And being that by cooking skills are limited to toast, French toast, cheese on toast, cheese sandwiches, boiled eggs and toast, or omelettes, then I think that the ingredients were more than satisfactory to fulfill my scarcely rehearsed culinary repertoire.
Plus after the bread dilemma, I’d manned up and decided that I’d be safe and pick the middle product in each category, hence the mediumness of the cheese and semi skimmed milk. I know nothing about milk, skimmed or otherwise, but I’d heard of semi skimmed milk and it seemed a popular choice with the other shoppers in that aisle.
Anyway, I digress. By now I was on a train inching its way towards Cambridge (the Newmarket to Cambridge line is more of an upmarket tram and goes about as fast as a pushchair with the brakes on).
Once I got to Cambridge, it was express all the way, but unfortunately it did involve going the wrong way, as I had to go South back into London, to where I’d been only a few hours earlier to pick up the high-speed train North to where I wanted to be.
For sustenance I’d managed to pick up a couple of tubs of Marks & Spencers mini rolls in London and ended obliterating them into chocolatey crumbs by running at top speed through the underground tunnels, to catch the tube to my connecting station.
I should mention at this point that I’d left in rather a hurry and only had the two round tubs of chocolate mini rolls to keep me alive and my small handbag for company.
I never ever carry a handbag anywhere, so I surprised myself that I had found it and taken it with me. I had no book, not enough clothes on, and my handbag contained 14 hair grips, an empty tube of lip balm, two pieces of very stale chewing gum, 1 out of date condom and my bank card. Awesome. There’s nothing like being prepared for a five-hour train journey that included 5 changes.
Thankfully though my odd collection of belongings were reasonably light, so my being unencumbered during my sprint through the subway corridors, meant I managed to shave a bit of time of the arduous trip and got a slightly earlier train to Manchester.
This was great, as on the way down to London, I’d checked the incoming flight arrivals and found that there were two planes arriving from Las Palmas that day, and I was now due to arrive in only 40 minutes behind the second one. Which after baggage reclaim give me a good shot of being able to catch Gill.
With the Manchester train being my longest of the day, I contemplated what might happen when I actually got to the airport.
Scenario a) Gill was on the earlier flight and would now be half way back to Newmarket. I’d be forking out for a hotel in Manchester, before buying another extortionate rail ticket to get home some time the next day.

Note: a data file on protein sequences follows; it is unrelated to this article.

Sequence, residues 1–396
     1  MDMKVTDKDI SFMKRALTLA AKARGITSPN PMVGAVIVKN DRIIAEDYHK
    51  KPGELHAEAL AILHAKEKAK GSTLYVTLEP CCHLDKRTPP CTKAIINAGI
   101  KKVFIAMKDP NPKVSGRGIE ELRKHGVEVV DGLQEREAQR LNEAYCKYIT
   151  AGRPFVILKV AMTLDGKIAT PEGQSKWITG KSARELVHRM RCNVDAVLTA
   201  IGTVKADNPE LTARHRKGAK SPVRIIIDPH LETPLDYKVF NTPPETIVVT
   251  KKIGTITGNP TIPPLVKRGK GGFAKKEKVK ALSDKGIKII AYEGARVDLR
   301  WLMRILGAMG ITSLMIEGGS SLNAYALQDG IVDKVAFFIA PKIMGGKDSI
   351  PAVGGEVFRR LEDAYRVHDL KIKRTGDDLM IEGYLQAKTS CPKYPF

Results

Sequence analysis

b) Gill’s brother had turned up to collect her, and like a wally I’d wasted half a day and a hundred quid chasing all over the country needlessly.
c) My sick friend finds me waiting in arrivals with two tubs of smashed chocolate mini rolls and think’s I’m a good friend albeit one that brings inappropriate gifts for invalids to airports.
d) Gill ends up in Portugal or similar after being so ill that they have to divert the aeroplane.
After this my thoughts started to wander to some rather dark places, so I gave up wondering what might happen next and spent the rest of the journey willing the train to go quicker, whilst texting her again NOT LEAVE THE AIRPORT, hoping that at least one of the 27 messages that I’d sent her would get through when she landed and turned her phone on.
I checked the flight arrivals once more, and saw that the first flight from Las Palmas had landed 45 minutes earlier. I was still 12 minutes from Manchester Piccadilly and had to catch another train from there to reach the airport.
The second flight was now showing a 52 minute delay. Either way this was not good news. If she was on the early flight, she’d be gone well before I could run breathlessly across the airport like some kind of demented movie buff recreating their favourite love scene. And if she was on the second flight, why was it now delayed? Had they had to divert to drop her off? Despite the freezing temperatures I was starting to sweat.
In Piccadilly I caught another break and got on the a late departing airport train meaning that I would arrive there exactly at the time that the delayed flight number 2 was now due to land at. I still couldn’t obtain a working number for her brother, and I didn’t have either of the phone numbers for the two friends that she was travelling with.
This had all the hallmarks of something that was bound to end badly. But I decided whatever the outcome, I was glad that I was there. I would like somebody to do the same for me if the situation was reversed and despite silently cursing her for not booking her holiday from the local airport of Stansted, the worst that could happen to me was having to spend a night in a low-budget hotel in Manchester and another day of inter-railing it around the country to get back to my origin. In the grand scheme of things, looking like a wally, a bit of spent cash and time meant nothing compared to the health, well-being and comfort of my little friend…
To be continued…